Field of Dreams

Austal USA is building, and they ...

meaning customers and new workers ... are coming.

With a company built to build speed, one would expect a non-stop flurry of activity to be the hallmark of the manufacturing facility.

Quite the contrary.

Upon coming to Mobile, Ala., in early August to visit Austal USA, a slow, steady stream of new employee applicants was the defining moment.

Early for an appointment with new CEO Alan B. Lerchbacker, I sat in the lobby and watched in amazement as one job applicant after another walked through the front door. Make no mistake, Austal's ultra-modern shipbuilding shed and its ubiquitous new leader leave an indelible impression. But that steady stream, particularly in the face of what many describe as a "down" market, was most impressive.

The jobseekers come to Austal USA for good reason, as the company is in expansion mode. Flush with success in wooing military and commercial buyers, the company is not sitting on the capabilities of its current building "shed" — which is one 262-ft. (80-m) boat or two 164-ft. (50-m) boats per year — and has invested $8.2 million for the construction of a new 426-ft.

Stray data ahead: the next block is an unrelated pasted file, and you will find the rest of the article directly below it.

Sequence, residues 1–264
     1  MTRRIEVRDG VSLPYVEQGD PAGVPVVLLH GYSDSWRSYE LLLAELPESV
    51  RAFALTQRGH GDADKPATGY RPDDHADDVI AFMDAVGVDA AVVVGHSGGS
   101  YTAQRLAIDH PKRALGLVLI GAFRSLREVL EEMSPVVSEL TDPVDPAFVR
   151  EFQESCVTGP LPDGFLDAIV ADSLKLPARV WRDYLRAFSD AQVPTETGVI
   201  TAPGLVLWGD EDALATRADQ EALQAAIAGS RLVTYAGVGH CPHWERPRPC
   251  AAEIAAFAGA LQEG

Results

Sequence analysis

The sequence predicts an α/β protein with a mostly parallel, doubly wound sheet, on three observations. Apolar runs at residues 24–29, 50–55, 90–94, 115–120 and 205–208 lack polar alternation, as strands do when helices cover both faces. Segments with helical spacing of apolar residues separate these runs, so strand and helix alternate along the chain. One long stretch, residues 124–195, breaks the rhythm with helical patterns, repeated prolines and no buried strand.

(130-m) boatbuilding shed to flank the current one.

With two sheds, the company expect to support a base of 580 employees, and as Bill Pfister, vice president of marketing and administration simply put it "As soon as this shed is filled, a third one will go up." The current goal: 2,000 employees in four years, with a slight majority of business coming from the commercial side. — Greg Trauthwein

Maritime Reporter Magazine, page 41,  Nov 2002 Greg Trauthwein Field

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Maritime Reporter

First published in 1881 Maritime Reporter is the world's largest audited circulation publication serving the global maritime industry.